Northern Territory Government in financial crisis, will seek bailout from Canberra

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Updated

December 14, 2018 19:36:24

The Northern Territory Government is in the throes of a financial crisis, with no immediate plan for fixing the deep fiscal problems.

Key points:

  • The NT’s net debt is forecast to increase tenfold to $35.7 billion by 2029-30
  • Treasury officials say the Government is currently borrowing to cover day-to-day costs
  • Treasurer Nicole Manison will fly to Canberra for emergency meetings next week

Treasurer Nicole Manison will fly to Canberra for emergency meetings with Federal Treasurer Josh Frydenberg next week.

Treasury officials say the NT Government is currently borrowing to cover day-to-day operational costs such as public servants’ wages and to cover interest on previous borrowings, which they say has led to a budget in “structural deficit”.

The Territory’s net debt has escalated from $1.7 billion in 2016 — when Labor was elected — to around $3 billion this year.

In 2018-19, the Territory is forecast to spend over $1.5 billion, or $4 million a day more than the revenue it collects and is borrowing to meet the shortfall.

A report released today found the Territory’s net debt is projected to increase tenfold from $3 billion in 2017-18 to $35.7 billion by 2029-30.

There is currently no concrete plan to fix the issues, but the Government is seeking public consultation to solve the NT’s financial woes.

Ms Manison said expenditure growth had been at six to seven per cent since 2000, and they now planned to bring it back to a “far more manageable” three per cent — effectively cutting its growth in expenses by half.

But she ruled out many cost saving measures.

“We will not be going down the pathway of sacking public servants, slashing services, about hiking prices around power water sewerage and putting up the cost of living for people,” she said.

“We will not be looking at selling off those public assets.”

‘There doesn’t appear to be too much in their plan’

Ms Manison said the economy and the Government’s financial state were the victim of an economic “perfect storm” that has seen private investment stall with the wind up of the $54 billion Inpex gas project and cuts to the Territory’s take of Federal GST payments.

The recent mid-year financial report showed the Labor Government had a huge cost blowout of more than $350 million in unbudgeted spending and carry-over operational expenses.

“The deterioration in the Territory’s operating balance from 2016-17, following reductions in GST revenue, has placed the Territory in the unsustainable position of needing to borrow to pay for recurrent activities and interest expenses,” the latest report stated.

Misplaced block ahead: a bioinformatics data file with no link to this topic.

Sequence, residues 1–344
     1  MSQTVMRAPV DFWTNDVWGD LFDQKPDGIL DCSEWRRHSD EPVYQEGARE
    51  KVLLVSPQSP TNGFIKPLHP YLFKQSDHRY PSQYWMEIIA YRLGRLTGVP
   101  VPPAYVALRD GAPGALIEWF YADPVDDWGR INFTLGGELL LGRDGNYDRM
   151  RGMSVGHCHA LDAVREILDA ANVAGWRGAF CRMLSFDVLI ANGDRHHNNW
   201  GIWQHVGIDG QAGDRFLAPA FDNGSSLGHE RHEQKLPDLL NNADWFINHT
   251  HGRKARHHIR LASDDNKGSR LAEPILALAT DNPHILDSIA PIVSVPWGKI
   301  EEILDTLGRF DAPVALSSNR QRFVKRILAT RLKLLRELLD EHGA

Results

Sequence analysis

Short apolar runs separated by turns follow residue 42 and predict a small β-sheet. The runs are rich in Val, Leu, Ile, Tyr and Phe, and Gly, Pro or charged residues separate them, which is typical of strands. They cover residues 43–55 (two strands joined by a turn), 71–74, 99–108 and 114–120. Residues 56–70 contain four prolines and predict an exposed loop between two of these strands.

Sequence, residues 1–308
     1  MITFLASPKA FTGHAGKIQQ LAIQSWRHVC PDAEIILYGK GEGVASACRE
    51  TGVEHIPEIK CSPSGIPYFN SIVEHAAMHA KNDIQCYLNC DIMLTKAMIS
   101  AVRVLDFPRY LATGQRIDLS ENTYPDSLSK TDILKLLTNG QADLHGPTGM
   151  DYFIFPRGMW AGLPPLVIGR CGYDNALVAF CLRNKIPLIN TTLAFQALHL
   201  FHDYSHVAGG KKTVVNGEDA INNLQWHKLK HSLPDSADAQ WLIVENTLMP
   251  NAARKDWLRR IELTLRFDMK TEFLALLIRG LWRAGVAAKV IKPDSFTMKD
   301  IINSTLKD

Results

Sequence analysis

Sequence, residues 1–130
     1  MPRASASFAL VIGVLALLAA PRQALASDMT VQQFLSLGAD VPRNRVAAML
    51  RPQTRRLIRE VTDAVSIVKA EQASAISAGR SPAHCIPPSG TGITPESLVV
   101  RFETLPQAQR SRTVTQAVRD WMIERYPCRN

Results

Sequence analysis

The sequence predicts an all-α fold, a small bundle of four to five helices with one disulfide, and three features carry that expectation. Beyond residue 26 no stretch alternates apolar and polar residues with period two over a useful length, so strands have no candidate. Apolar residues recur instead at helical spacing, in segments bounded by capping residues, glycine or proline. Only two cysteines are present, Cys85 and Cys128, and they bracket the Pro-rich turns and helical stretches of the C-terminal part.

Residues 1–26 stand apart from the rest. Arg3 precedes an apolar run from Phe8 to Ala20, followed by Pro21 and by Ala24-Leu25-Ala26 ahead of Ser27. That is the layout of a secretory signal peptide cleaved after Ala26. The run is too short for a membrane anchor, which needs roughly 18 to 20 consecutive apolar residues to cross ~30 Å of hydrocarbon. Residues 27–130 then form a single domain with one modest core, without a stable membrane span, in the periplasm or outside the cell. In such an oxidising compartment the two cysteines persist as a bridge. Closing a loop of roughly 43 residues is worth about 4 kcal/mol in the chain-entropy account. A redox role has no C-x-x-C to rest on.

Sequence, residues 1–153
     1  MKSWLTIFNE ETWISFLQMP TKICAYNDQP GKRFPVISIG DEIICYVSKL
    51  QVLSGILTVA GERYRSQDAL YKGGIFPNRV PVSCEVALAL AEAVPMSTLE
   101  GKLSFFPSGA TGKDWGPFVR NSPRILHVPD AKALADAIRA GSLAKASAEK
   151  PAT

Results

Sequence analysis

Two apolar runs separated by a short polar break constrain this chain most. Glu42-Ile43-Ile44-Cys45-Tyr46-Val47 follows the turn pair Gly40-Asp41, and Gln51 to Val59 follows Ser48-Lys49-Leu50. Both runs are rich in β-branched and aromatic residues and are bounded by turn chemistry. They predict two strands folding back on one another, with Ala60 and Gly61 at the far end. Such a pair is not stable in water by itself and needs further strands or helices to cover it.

“Persistent operating deficits, compounded by further borrowing to fund capital expenditure, will result in a rapid escalation in government debt if left unchecked.”

The Territory’s fiscal woes are “not overly good news” for business confidence, according to the NT Chamber of Commerce, who lambasted the Government’s “willy nilly” spending.

“There doesn’t appear to be too much in their plan. It’s go to Canberra, cap in hand to ask for a further handout,” chief executive Greg Bicknell said.

“And what people I think would really like to see is the Northern Territory doing its bit to pull its weight in terms of these expenditure overruns.”

Charles Darwin University associate professor of economics Ram Vemuri said the Labor Government was not prepared to fundamentally change the way it did business, and warned of a “backlash”.

“The Government must change their whole approach to economic management — you can’t just do cosmetic changes,” he said.

“People are saying what has the thunderous [majority] of Labor actually done for the Territory economy?

“And the answer is very, very minimal. There’s been a lot of talk but they’ve been ignoring the warning signs for a long time.”

Deputy Opposition leader Lia Finocchiaro called the financial crisis an indictment on Labor’s “economic mismanagement” and said asking for solutions from the public showed poor leadership.

“They’re crying out to Territorians, saying ‘help us we don’t know what to do’,” she said.

“The Government must lead and they must manage our economy. The Chief Minister and the Treasurer should absolutely resign over these terrifying figures.”

Chief Minister Michael Gunner’s office declined an ABC interview request, saying he was on holidays as of close of business on Friday.

Topics:

budget,

government-and-politics,

community-and-society,

federal-government,

nt

First posted

December 14, 2018 14:48:39



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